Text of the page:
Many of us work so hard and save money to achieve the so-called “Financial Freedom” in the years to come.
We know that it’s important to save but it is just as crucial to spend… especially on things that matter.
What are some of these things?
List of Things on Where to Spend Your Money
To quote Ralph Waldo Emerson:
The first wealth is health.
For most of us who need to work to earn a living, health should not be tossed on the wayside. Our greatest asset is our earning capacity and that could be greatly affected by illness if we don’t take good care of ourselves. Don’t be too stingy on food that improves your health. See your doctor if you feel the need to. And don’t think you can be unmindful of your health just because you have a health insurance coverage. (You can also read this article on how to save on healthcare.)
These include insurance, retirement accounts, and investments, etc. Insurance protects your nest egg from getting wiped out during tough times such as serious illness or accident. Retirement will prepare you for life after your employment years so that you can still enjoy your life. Investments in paper assets such as stocks, bonds and mutual funds, will help you make passive income and build wealth faster.
On the surface, it appears that you are spending for these things and adding more to your monthly bills but they are actually just ways to protect and store your wealth somewhere else.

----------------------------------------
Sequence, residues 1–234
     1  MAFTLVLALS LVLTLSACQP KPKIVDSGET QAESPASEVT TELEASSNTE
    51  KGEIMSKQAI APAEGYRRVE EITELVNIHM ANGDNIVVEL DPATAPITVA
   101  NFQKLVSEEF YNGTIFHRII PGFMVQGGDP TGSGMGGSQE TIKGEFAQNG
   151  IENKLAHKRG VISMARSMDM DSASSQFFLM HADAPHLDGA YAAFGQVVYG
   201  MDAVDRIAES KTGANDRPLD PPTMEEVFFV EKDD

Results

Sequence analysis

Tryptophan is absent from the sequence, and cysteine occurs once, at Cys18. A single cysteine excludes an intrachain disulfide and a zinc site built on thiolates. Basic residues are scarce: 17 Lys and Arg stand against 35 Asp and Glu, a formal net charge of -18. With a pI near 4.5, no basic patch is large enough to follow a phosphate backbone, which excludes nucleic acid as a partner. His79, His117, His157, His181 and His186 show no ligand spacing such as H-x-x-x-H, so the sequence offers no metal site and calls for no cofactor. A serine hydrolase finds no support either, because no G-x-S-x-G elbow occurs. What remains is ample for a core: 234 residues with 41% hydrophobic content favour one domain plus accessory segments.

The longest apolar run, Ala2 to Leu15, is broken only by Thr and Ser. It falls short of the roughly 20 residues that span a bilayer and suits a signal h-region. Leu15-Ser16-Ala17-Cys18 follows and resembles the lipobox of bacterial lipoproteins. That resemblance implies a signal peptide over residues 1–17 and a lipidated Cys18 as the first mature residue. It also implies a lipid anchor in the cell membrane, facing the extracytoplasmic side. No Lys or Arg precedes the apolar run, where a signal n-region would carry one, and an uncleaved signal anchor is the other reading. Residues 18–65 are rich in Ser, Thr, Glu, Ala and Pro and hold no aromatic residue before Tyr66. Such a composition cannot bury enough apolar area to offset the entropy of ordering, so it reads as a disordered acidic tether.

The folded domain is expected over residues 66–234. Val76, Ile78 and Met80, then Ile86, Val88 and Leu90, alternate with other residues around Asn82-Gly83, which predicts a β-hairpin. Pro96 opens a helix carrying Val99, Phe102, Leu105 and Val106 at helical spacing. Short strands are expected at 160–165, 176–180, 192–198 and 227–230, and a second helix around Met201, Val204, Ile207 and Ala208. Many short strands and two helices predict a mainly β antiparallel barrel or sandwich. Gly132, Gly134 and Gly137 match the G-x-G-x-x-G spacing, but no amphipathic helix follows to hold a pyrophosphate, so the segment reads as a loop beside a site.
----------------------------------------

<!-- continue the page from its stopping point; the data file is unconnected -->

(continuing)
We are only humans and we need enjoyment. If all we do is work and save, we cannot keep going. We will get burned out. Another tendency is to suddenly binge spend to compensate on too much saving. We have a financial freedom.
So don’t feel guilty on spending for leisure – make it a part of your budget. As Dolly Parton says…
Don’t get too busy making a living that you forget to make a life.
Go on vacations once in a while, watch a movie every with your family, go out with friends have a good time! Just remember, moderation is key so you won’t destroy your budget.
Products that may improve your income
Two types come to mind here: One that improves your income, and one that can lower your expenses. For example, education and training can add more skills that are valued by your current or potential employers. You can use skills as leverage during a salary negotiation. More skills could mean a better salary in your next career hunt.
Paying your debt, either by using your own strategies or through debt settlement and other debt relief options may increase your net income by reducing the bills you will have to pay every month. Sometimes, debt is a reason why many people take on more jobs and fail to enjoy their lives.
Do you have a financial freedom? Can you imagine being debt-free and seeing a bigger monthly income in the next few months? Now, how does that make you feel?